Other stars who are likely to have a busy week include Will Ferrell (currently working on Land of the Lost), together with Seth Rogen (Observe and Report), and the James Bond actor Daniel Craig.
    The entire cast of High School Musical 3; GI Joe; When in Rome and Disney's Race to Witch Mountain are also racing to complete shoots before any picket lines appear.
    At issue in the SAG dispute are almost 70 elements of a proposed new contract with the major studios that is being haggled over at AMPTP's headquarters in Sherman Oaks, Los Angeles. Bones of contention are said to include payments for film and video clips screened online, the issue that was at the heart of the previous writers' dispute.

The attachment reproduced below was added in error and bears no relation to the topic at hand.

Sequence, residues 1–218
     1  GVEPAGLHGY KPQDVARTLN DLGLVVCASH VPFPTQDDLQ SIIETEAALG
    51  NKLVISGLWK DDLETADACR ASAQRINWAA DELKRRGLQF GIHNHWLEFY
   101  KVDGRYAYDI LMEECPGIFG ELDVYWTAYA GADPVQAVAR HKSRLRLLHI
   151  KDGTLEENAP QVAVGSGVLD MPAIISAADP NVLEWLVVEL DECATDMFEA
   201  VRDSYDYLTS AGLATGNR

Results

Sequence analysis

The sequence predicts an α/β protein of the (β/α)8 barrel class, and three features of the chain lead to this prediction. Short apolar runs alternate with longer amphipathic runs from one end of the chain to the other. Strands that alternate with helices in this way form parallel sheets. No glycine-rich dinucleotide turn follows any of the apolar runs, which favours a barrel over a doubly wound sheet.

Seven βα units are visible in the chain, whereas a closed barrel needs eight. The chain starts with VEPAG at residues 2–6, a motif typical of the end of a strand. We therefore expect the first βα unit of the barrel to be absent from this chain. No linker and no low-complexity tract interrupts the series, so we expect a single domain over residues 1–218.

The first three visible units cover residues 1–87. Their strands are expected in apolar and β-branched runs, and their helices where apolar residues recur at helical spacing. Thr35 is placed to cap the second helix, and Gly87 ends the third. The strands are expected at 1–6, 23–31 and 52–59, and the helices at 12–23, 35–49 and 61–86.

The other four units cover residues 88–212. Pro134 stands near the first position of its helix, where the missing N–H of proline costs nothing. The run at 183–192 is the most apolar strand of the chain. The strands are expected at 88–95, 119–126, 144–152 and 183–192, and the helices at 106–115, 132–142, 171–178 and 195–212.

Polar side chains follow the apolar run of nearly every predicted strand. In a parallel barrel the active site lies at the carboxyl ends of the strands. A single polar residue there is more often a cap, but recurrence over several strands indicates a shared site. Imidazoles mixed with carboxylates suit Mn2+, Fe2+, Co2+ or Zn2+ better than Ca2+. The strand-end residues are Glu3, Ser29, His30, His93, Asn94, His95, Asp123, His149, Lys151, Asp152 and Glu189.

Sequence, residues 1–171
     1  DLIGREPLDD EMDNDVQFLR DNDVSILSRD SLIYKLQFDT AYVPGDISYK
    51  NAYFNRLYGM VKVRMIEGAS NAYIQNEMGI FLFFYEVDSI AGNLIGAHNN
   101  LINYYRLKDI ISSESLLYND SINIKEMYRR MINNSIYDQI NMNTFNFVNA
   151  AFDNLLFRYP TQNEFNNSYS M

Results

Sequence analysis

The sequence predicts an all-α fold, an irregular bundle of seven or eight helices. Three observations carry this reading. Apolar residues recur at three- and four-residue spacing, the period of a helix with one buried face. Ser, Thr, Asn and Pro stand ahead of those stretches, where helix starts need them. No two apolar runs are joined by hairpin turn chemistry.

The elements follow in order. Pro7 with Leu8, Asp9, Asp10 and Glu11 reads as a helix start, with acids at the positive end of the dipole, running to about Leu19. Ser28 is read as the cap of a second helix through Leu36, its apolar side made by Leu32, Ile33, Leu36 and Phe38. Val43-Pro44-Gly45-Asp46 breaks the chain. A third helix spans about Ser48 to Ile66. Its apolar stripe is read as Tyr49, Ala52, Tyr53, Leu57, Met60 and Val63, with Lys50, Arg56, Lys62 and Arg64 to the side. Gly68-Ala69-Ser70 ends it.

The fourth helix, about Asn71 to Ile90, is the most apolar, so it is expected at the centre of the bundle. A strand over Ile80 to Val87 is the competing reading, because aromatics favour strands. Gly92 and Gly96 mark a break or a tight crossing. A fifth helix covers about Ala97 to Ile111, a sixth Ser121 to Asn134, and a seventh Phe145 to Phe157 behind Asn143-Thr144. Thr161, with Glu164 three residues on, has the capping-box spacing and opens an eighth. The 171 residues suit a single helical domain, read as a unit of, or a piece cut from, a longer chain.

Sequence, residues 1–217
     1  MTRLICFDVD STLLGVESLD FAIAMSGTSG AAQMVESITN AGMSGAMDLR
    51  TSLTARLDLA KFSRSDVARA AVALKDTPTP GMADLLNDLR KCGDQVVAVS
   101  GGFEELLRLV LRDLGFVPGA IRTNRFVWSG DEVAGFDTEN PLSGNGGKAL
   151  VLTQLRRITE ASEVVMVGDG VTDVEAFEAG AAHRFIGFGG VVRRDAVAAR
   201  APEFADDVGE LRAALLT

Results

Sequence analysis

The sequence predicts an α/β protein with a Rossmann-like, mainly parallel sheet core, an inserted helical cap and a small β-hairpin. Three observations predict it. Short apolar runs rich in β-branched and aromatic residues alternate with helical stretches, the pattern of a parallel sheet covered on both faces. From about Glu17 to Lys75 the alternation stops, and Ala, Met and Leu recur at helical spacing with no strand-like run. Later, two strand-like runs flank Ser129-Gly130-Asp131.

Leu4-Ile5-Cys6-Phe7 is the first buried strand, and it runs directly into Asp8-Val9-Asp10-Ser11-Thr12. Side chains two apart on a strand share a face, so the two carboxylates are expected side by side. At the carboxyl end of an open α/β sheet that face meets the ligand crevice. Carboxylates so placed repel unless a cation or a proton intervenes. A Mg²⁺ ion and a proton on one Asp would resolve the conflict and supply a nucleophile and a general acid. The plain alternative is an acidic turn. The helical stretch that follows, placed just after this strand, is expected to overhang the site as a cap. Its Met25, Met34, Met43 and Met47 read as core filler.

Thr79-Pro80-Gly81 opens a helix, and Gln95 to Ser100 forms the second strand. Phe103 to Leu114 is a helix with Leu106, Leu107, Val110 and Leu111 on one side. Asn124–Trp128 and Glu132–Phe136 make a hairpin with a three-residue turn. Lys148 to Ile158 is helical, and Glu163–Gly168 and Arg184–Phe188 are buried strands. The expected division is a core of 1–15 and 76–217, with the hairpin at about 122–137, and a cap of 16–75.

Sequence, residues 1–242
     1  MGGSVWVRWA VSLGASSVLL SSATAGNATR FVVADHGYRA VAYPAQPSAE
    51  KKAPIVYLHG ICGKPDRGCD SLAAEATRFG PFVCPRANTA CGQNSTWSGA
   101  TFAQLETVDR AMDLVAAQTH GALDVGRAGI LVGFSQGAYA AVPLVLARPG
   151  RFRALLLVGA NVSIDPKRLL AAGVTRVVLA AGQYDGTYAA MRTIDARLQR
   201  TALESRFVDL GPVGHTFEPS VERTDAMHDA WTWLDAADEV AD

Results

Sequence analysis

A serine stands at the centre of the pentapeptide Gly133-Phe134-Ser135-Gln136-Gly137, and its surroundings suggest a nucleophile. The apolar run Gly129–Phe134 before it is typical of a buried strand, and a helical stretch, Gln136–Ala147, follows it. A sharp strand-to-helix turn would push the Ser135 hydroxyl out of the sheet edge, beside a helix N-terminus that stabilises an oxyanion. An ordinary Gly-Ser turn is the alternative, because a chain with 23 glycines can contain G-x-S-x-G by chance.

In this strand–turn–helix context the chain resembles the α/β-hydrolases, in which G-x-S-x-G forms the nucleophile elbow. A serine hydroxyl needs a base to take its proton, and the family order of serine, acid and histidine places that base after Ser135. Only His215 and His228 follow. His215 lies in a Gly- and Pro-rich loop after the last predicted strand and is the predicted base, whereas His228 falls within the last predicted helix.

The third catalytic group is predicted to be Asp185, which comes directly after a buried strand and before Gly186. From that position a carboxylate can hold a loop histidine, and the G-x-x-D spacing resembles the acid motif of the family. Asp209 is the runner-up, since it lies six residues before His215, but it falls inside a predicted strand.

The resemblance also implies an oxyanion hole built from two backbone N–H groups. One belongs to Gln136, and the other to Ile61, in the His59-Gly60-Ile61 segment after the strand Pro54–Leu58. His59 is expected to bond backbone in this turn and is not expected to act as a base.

With no resolution on the horizon, several major projects are planning to suspend actual filming and work on special effects for however long it takes to resolve the dispute. The Transformers sequel is about to begin a planned hiatus, along with Angels & Demons, the follow up to The DaVinci Code.
    On television, the autumn season for dozens of network shows, which was already knocked out of schedule by the 100-day writers' crisis, now faces renewed chaos. The hit show Gossip Girl is in the middle of filming its second series. Army Wives, Saving Grace, The Closer and Monk are also mid-production, while 24 has decided not to chance its arm and cancelled an entire year of shows.
    Whatever happens, the "summer of discontent" could not have come at a worse time for an industry that is counting the cost of its first strike in 20 years.
    The Milken Institute, a Californian economic think- tank, recently estimated that the state would already lose about $2.1bn (1.07bn) in output as well as 37,000 jobs by the end of the year.